}

Unify Docs

Value.Subsume()

Subsumption is a powerful technique which compares the relation of two values within the lattice. Subsume will tell you if one value is an instance of another, or to say it another way, if one value is backwards compatible with another.

In the following example, we check subsume in both directions. For each pair, we expect one to pass and one to fail.

subsume.go

package main

import (
	"fmt"

	"cuelang.org/go/cue"
	"cuelang.org/go/cue/cuecontext"
	"cuelang.org/go/cue/errors"
)

const schemaWithNumber = `
{
	i: number
	s: string
}
`

const schemaWithInt = `
{
	i: int
	s: string
}
`

const constraint = `
{
	i: >10 // this will only be subsumed by number, not int
	s: =~"^foo"
}
`

const val = `
{
	i: 100
	s: "foobar"
}
`

const constraintType = `
{
	i: uint
	s: string
}
`

func main() {
	ctx := cuecontext.New()
	sn := ctx.CompileString(schemaWithNumber, cue.Filename("schema_number.cue"))
	si := ctx.CompileString(schemaWithInt, cue.Filename("schema_int.cue"))
	c := ctx.CompileString(constraint, cue.Filename("constraint.cue"))
	v := ctx.CompileString(val, cue.Filename("val.cue"))
	b := ctx.CompileString(constraintType, cue.Filename("bad.cue"))

	// check subsumptions
	printErr("sn > c", sn.Subsume(c))
	printErr("c > sn", c.Subsume(sn))

	printErr("sn > v", sn.Subsume(v))
	printErr("v > sn", v.Subsume(sn))

	// this seems not intuitive, we'll talk it later
	printErr("si > c", si.Subsume(c))
	printErr("c > si", c.Subsume(si))

	printErr("si > v", si.Subsume(v))
	printErr("v > si", v.Subsume(si))

	printErr("s > b", si.Subsume(b))
	printErr("b > v", b.Subsume(v))
}

func printErr(prefix string, err error) {
	if err != nil {
		msg := errors.Details(err, nil)
		fmt.Printf("%s:\n%s\n", prefix, msg)
	}
}

go run subsume.go

c > sn:
field i not present in {i:number,s:string}:
    schema_number.cue:2:1
missing field "i"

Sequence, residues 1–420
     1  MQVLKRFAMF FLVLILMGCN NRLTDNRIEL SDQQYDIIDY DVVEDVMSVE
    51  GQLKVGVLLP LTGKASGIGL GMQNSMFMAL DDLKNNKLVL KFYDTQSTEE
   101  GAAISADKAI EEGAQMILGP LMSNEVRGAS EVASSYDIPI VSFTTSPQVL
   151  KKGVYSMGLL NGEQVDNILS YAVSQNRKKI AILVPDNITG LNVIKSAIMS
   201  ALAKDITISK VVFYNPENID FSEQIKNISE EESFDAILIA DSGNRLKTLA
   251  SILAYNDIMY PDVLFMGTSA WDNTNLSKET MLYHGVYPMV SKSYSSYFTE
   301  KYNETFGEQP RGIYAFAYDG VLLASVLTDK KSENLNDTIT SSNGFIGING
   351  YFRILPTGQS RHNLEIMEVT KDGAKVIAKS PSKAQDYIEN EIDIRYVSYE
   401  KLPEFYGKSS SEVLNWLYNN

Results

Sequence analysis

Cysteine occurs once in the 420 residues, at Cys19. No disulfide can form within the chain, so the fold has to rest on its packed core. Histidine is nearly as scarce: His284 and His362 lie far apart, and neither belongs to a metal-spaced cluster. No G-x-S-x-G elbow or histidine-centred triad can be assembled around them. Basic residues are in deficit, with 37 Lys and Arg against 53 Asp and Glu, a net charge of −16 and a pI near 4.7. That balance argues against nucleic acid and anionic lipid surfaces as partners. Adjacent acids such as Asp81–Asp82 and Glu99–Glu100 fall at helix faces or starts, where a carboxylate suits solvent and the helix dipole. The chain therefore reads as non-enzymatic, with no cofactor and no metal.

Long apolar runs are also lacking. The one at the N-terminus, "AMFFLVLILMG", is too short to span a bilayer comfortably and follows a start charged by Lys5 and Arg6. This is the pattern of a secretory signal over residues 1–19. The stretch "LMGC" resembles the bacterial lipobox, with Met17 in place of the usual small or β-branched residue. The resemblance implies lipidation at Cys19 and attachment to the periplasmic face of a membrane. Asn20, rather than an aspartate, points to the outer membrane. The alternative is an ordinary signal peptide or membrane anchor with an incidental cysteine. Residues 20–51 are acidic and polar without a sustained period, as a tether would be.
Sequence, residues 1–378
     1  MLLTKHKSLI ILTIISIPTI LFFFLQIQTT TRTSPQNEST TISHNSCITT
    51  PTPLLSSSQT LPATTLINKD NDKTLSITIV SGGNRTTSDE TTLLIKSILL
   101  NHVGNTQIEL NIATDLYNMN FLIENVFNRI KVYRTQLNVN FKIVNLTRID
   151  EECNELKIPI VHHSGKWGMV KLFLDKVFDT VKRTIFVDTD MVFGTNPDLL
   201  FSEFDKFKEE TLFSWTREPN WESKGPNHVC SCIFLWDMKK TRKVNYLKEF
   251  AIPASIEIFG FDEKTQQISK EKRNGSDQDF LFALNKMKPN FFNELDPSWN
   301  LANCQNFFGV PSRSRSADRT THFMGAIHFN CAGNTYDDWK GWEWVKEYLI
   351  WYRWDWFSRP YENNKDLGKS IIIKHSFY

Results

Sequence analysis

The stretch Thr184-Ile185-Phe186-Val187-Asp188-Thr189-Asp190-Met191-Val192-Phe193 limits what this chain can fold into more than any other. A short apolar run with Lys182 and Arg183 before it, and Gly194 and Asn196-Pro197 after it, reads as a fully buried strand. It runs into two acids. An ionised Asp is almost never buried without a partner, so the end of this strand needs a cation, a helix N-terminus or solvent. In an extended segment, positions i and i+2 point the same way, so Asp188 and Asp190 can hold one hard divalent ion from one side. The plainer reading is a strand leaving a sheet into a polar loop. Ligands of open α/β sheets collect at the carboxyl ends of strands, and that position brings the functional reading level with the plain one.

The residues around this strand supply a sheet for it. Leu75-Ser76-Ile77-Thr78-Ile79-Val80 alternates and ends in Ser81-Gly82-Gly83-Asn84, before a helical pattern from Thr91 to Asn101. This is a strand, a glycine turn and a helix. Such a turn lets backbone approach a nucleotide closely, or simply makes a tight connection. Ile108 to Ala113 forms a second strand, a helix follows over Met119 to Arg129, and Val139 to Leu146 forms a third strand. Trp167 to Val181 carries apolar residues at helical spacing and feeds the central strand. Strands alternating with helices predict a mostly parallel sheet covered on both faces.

v > sn:
field i not present in {i:number,s:string}:
    schema_number.cue:2:1
missing field "i"

si > c:
field i not present in {i:>10,s:=~"^foo"}:
    constraint.cue:2:1
missing field "i"

c > si:
field i not present in {i:int,s:string}:
    schema_int.cue:2:1
missing field "i"

v > si:
field i not present in {i:int,s:string}:
    schema_int.cue:2:1
missing field "i"

Subsume Docs

Why >10 won’t be subsumed by int?

The reason is that >10 is a constraint on numbers, just like int. Recall number is both decimal and integers. This means both of our constraints are peers in the lattice. We could have set i: int & >10 and this would be subsumed by int.

also note, that if the values were all in the same file, the unification would have been implied.

Value.Eval()

Eval will resolve references, ensure concreteness, uncover all errors and generally finalizes a value, returning the result in a new value.

eval.go

package main

import (
	"fmt"

	"cuelang.org/go/cue"
	"cuelang.org/go/cue/cuecontext"
	"cuelang.org/go/cue/errors"
)

const val = `
v: {
	i: int
	s: "hello"
	#d: "defn"
	_h: "hidden"
	o?: string
}
`

func main() {
	c := cuecontext.New()
	v := c.CompileString(val, cue.Filename("val.cue"))

	// check for errors during compiling
	if v.Err() != nil {
		msg := errors.Details(v.Err(), nil)
		fmt.Printf("Compile Error:\n%s\n", msg)
	}
	// print v
	fmt.Printf("%#v\n", v)

	// eval evaluates and returns a new value
	e := v.Eval()
	if e.Err() != nil {
		msg := errors.Details(e.Err(), nil)
		fmt.Printf("Eval Error:\n%s\n", msg)
	}

	// print e
	fmt.Printf("%#v\n", e)
}

go run eval.go

v: {
	i:  int
	s:  "hello"
	#d: "defn"
	_h: "hidden"
	o?: string
}
v: {
	i:  int
	s:  "hello"
	#d: "defn"
	o?: string
}

Eval Docs

There may be a bug in this function, see issue 1326

Value.Evaluate()

This function has been proposed but does not exist yet. It would take ...Option like Validate and Syntax and return a new Value after processing.

func (v Value) Evaluate(opts ...Option) Value {...}

If you find the new function helpful, please let the devs know by contributing to issue 1327.